The Yankees ace was back, no question.

“It was like he hadn’t even missed any time,” Derek Jeter said. “He threw strikes, worked quick. They didn’t get much of anything going off of him. He did what he’s always done. … I haven’t asked him how he felt, but it looked like he felt good. That’s the most important thing. Any time you have someone coming off the disabled list, the results are secondary. You want to make sure he feels good. He looked good.”

Of course, this game might have been all about something entirely different had Jeter not waved off medical attention and marched to first base after that 92-mph fastball hit him in the bill of the helmet. The helmet, by the way, was cracked.

“It scared me,” Girardi said. “You worry that it’s the side of the head, and you’re looking a lot of times at a concussion, or God forbid, something worse. So when I got out there and saw it hit the bill of his cap, it’s a sigh of relief. He was in a hurry to get us out of there, which is vintage Derek. But we had to be sure that he was okay.(He was saying) ‘I’m okay. I’m okay,’ but Jeet’s said that a lot, when he’s limping, or something’s broken. So when you get hit in the head, there’s a lot of concern there.”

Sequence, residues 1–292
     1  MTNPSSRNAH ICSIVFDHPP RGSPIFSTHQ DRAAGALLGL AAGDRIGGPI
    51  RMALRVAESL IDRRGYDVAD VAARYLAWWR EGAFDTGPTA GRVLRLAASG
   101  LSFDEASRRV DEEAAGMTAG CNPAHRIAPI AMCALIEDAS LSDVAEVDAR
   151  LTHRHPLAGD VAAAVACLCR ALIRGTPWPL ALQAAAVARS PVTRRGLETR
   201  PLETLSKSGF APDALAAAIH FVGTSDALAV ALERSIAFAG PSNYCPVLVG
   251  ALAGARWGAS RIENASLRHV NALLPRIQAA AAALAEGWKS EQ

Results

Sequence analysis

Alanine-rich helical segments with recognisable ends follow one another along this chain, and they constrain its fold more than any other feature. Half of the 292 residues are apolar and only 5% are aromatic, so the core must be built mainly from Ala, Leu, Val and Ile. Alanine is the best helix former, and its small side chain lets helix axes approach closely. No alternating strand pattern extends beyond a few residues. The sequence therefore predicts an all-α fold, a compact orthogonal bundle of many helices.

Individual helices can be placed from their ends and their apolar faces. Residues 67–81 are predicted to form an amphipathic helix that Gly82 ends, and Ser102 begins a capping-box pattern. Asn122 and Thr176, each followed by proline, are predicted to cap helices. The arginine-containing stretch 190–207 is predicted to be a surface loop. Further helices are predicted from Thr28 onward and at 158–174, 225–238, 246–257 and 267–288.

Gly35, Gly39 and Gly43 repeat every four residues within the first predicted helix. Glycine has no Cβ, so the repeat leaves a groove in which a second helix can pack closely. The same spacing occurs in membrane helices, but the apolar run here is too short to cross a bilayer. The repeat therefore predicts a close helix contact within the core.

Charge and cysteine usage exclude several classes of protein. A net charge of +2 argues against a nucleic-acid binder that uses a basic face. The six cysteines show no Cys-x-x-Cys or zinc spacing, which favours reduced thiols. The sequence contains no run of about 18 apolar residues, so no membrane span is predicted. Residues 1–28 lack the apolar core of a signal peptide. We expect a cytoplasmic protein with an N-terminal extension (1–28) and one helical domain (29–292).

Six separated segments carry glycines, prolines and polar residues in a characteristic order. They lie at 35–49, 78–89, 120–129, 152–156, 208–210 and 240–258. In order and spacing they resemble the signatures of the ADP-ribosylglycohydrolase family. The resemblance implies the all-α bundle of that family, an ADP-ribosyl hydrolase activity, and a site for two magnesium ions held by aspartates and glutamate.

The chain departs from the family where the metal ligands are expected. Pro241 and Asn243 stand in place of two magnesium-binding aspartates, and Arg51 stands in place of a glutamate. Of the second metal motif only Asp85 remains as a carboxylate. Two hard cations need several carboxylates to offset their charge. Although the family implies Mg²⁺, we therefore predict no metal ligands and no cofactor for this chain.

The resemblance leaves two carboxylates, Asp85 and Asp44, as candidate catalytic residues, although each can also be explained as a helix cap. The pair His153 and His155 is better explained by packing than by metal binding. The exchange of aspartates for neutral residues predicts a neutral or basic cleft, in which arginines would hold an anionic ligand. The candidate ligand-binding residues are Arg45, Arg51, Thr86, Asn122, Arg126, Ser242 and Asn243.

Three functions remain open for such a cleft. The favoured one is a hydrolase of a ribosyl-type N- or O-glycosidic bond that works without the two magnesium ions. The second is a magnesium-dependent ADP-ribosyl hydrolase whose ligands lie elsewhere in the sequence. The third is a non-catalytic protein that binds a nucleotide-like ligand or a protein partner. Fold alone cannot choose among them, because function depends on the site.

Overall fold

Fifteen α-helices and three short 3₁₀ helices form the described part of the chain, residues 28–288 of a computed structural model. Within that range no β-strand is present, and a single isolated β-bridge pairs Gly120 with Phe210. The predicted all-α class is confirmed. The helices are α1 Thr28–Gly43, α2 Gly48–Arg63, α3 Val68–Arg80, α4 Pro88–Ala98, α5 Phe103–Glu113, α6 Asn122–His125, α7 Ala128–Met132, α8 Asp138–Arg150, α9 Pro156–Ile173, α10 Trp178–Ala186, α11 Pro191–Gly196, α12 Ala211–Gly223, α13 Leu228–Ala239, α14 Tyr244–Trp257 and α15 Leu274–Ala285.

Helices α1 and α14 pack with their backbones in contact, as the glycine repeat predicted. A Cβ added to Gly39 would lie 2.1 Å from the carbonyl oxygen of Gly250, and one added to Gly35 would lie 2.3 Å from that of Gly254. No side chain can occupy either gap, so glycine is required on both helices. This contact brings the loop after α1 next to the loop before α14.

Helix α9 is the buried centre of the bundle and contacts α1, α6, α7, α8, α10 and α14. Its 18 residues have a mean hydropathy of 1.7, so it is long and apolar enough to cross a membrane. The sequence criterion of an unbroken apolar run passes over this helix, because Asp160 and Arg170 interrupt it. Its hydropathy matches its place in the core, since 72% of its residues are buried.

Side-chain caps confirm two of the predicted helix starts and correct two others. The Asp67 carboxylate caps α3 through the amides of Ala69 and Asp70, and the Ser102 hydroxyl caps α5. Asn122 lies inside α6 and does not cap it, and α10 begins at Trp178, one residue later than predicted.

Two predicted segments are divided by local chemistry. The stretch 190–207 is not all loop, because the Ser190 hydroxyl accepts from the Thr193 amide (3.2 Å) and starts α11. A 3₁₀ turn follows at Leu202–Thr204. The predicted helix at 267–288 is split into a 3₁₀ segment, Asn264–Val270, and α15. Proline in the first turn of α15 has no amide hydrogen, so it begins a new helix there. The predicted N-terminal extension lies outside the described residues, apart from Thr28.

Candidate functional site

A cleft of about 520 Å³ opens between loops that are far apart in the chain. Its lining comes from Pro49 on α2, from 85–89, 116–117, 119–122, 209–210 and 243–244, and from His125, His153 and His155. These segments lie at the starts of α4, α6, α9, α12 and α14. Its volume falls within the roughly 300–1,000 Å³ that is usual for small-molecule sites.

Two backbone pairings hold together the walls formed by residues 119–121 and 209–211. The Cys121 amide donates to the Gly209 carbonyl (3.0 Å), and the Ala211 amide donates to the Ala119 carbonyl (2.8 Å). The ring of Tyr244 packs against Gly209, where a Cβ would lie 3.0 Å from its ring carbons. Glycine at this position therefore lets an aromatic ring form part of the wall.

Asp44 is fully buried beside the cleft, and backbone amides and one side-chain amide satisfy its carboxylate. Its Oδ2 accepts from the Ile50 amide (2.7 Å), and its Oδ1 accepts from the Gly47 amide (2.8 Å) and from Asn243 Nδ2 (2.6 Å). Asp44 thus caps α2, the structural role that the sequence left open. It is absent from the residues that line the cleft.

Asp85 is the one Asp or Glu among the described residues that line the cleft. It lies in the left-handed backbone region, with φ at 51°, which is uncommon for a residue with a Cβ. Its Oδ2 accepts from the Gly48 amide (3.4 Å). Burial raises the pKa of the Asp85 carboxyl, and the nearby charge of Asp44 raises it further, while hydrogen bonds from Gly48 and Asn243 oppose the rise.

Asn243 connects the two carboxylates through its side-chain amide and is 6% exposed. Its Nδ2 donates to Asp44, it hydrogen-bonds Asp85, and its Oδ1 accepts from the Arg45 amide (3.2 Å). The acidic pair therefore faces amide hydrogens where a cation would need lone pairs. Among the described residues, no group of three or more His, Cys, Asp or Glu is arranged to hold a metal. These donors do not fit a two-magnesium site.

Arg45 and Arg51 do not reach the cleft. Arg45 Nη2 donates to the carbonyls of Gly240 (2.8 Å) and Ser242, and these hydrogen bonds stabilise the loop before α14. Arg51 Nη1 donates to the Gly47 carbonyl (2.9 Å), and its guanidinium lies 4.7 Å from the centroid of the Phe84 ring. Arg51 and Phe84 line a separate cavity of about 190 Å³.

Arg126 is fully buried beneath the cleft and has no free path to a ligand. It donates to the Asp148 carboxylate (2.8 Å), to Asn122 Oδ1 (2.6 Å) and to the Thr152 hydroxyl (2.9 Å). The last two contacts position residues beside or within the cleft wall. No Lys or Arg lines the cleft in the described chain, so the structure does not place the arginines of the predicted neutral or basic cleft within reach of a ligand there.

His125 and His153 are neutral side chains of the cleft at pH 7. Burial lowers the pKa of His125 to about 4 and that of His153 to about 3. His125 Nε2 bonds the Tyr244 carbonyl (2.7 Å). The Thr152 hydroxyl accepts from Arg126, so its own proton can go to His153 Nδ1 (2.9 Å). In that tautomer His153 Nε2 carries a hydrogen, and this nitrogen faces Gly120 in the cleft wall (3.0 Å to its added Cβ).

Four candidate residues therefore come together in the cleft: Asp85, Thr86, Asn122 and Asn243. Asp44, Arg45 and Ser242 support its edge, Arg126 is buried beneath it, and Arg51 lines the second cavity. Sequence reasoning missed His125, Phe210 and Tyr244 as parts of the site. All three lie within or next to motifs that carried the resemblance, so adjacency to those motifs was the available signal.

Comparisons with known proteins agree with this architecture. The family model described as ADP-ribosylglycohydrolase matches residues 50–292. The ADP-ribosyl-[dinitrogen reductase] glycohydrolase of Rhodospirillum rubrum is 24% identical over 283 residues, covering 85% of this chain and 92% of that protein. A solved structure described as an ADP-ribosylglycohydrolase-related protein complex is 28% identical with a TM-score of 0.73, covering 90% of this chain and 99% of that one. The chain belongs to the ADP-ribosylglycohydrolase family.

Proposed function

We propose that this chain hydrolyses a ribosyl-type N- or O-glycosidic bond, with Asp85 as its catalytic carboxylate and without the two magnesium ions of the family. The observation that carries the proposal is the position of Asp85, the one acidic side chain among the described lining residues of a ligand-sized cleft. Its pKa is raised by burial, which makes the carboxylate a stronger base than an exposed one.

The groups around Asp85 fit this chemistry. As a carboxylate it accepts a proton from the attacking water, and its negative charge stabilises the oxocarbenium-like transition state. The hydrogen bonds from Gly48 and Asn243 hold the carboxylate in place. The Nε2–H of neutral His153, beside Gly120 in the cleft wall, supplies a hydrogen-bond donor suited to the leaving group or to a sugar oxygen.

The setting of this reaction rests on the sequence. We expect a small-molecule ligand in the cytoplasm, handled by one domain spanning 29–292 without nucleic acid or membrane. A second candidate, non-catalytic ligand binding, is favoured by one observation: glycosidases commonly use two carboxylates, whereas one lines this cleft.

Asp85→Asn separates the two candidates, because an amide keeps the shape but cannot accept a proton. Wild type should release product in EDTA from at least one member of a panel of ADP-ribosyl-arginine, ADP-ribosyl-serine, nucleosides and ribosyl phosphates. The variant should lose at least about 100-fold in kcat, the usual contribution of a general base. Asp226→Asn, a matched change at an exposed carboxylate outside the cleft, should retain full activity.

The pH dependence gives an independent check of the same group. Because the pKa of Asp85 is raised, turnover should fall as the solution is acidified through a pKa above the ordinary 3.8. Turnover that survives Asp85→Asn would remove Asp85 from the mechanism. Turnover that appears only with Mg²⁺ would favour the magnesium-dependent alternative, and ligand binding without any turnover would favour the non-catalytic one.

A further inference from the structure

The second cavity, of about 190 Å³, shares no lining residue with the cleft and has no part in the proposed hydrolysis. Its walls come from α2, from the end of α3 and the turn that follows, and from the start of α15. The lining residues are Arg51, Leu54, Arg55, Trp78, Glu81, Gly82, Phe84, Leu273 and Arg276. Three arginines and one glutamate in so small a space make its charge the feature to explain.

Jeter said he never thought the pitch was intentional, but a young pitcher was trying to go up and in, and that’s a dangerous pitch. Better not miss the spot, and Jeter let Corey Kluber hear about it a little bit.

“Of course you’re angry,” Jeter said. “No one wants to get hit in the head. It’s kind of a dangerous area, so of course I was upset. It’s over with, it’s done with, it’s history now.”